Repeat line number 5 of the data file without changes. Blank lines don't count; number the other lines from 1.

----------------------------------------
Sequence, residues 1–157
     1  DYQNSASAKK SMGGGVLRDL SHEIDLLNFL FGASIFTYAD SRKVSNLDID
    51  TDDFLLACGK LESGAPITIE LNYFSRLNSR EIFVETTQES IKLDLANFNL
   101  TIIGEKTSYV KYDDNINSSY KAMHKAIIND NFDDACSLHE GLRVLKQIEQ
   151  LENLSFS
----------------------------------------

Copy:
   151  LENLSFS